Health officials call for speedy cleanup of homes near closed battery recycling plant

- County health officials said today they are pressing state regulators to expedite the cleanup of an estimated 400 homes near the shuttered Exide battery-recycling plant in Vernon that have hazardous waste-level lead contamination.

The 400 homes where soil tested for lead showed levels at or above 1,000 parts per million are the highest priority, according to Angelo Bellomo, the county's deputy director for health protection.

"We believe there is sufficient basis for ... expediting the cleanup (of soil on those properties)," Bellomo told the Board of Supervisors.

However, the DTSC is considering other criteria -- in addition to contamination levels -- in deciding how to prioritize cleanup of individual homes.

Those factors include whether children under the age of 7 or pregnant women live at a contaminated site and whether residents have a blood-lead level at or above five micrograms per deciliter, according to guidance published on the agency's website.

County officials disagree. "Everybody who is living in a house (with levels at or above 1,000 ppm) ... needs mitigation ... and needs mitigation immediately," Department of Public Health Director Barbara Ferrer told the board. "And that means soil removal and not laying plastic over it.'

Bellomo said he hoped initial cleanup efforts could begin in April. "I sense that (the state Department of Toxic Substances Control) is trying to do the right thing, but they seem to be going very slow," Supervisor Hilda Solis said.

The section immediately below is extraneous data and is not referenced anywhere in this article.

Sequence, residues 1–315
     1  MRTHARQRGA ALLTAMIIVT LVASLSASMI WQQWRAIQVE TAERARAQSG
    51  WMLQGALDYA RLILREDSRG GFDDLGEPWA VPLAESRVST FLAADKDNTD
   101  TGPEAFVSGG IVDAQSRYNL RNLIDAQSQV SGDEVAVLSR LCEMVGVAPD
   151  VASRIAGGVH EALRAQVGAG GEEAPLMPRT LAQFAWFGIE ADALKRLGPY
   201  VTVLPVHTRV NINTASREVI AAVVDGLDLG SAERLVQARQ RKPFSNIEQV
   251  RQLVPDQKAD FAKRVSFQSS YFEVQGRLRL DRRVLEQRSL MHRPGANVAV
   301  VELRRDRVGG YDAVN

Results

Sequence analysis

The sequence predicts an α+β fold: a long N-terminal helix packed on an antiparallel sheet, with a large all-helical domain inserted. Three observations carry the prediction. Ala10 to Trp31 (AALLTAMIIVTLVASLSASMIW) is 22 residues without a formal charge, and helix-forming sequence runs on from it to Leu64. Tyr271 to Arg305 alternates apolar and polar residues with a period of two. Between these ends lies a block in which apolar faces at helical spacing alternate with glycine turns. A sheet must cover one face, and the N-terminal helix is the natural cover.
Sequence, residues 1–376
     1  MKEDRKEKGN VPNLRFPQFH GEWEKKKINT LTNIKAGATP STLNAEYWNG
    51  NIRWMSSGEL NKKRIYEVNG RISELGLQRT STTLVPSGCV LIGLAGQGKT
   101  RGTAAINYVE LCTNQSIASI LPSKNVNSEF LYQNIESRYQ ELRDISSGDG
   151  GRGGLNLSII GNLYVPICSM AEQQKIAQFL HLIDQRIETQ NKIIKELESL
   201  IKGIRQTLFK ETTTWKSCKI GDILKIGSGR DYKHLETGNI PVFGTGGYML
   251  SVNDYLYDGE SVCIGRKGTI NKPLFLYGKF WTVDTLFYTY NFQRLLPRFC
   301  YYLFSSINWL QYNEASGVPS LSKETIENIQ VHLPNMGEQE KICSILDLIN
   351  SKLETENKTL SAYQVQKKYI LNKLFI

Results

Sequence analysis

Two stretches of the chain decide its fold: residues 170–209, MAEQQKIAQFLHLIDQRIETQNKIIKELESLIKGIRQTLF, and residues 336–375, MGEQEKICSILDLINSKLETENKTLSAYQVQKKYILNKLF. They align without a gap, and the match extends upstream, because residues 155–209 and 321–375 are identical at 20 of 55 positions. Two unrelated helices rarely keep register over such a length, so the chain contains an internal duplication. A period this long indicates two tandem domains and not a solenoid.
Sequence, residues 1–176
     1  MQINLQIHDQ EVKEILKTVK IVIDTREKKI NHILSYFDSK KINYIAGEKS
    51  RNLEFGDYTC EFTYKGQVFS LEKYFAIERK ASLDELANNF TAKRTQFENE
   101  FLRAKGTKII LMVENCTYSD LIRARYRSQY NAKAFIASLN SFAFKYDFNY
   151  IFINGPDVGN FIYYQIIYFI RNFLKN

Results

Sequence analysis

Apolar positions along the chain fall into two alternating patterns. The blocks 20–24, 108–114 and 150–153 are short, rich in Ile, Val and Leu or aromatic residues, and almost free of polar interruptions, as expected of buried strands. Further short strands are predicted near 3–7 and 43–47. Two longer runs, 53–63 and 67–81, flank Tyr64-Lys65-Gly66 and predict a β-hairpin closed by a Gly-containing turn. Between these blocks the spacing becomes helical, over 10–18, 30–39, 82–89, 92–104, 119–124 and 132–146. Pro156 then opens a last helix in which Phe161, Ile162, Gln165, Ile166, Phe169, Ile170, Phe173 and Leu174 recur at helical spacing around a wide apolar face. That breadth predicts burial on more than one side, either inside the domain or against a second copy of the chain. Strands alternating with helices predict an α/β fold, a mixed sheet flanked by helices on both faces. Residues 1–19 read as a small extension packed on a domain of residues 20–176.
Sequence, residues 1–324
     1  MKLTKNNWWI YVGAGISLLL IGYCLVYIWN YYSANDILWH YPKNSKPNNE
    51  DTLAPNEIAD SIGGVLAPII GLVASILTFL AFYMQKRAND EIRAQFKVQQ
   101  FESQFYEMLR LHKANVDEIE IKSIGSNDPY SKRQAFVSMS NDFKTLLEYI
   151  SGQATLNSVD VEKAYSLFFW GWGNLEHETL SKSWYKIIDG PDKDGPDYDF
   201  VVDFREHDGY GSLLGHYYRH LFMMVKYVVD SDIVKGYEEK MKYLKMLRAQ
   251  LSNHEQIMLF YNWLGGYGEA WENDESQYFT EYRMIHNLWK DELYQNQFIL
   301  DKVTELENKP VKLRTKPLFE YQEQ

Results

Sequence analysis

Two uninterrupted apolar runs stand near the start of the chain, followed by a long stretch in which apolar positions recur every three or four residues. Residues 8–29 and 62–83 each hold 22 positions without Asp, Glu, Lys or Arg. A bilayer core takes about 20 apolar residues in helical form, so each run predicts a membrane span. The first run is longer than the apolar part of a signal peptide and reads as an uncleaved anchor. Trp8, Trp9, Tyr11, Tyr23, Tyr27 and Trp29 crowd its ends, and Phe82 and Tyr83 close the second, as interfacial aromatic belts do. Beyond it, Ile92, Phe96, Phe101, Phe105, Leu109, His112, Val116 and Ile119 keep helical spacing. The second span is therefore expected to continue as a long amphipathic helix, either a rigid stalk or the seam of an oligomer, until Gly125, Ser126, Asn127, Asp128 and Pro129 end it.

DTSC documentation calls for a draft cleanup plan and environmental impact report to be finalized in June, with cleanup beginning in the summer. An agency spokeswoman confirmed those time estimates still hold, but said high-risk sites could be addressed earlier.

Properties with contamination between 400-1,000 ppm also meet federal regulatory levels for cleanup and state public health officials calculate that levels need to be below 80 ppm to eliminate lead risk.

The DTSC's proposal calls for soil to be cleaned to below 80 ppm, and agency contractors are still in the process of testing the lead levels in surrounding communities. The regulatory agency estimates that it could handle cleanup of an average of 50 properties per week and that the work would be completed within two years.

State and county personnel are wrangling over whether cleanup is warranted inside homes, according to Bellomo, with the county arguing that interiors must at least be assessed and possibly cleaned. "Community leaders are also making this point," Bellomo told the board. The agency said in December that it would offer interior cleaning, but did not specify in what cases and whether that cleaning would be to specific environmental standards or to deal with the consequences of soil removal.

The discussion about DTSC's progress was prompted when Solis asked for an update on complaints by workers employed to do soils testing. Some workers employed by DTSC contractors alleged that they have been forced to manipulate testing data, work in unsafe conditions that exposes them to contaminated soil and subjected to racist and derogatory comments by field managers, Deputy County Counsel Robert Ragland told the board.

The allegations have been referred to the state Attorney General's office. "I think the investigation has just begun," Ragland said, telling the board that the county was awaiting the results of that review.

DTSC "encourages potentially affected individuals to have their blood lead levels tested" and offers a hotline for residents with questions about cleanup at (844) 225-3887.

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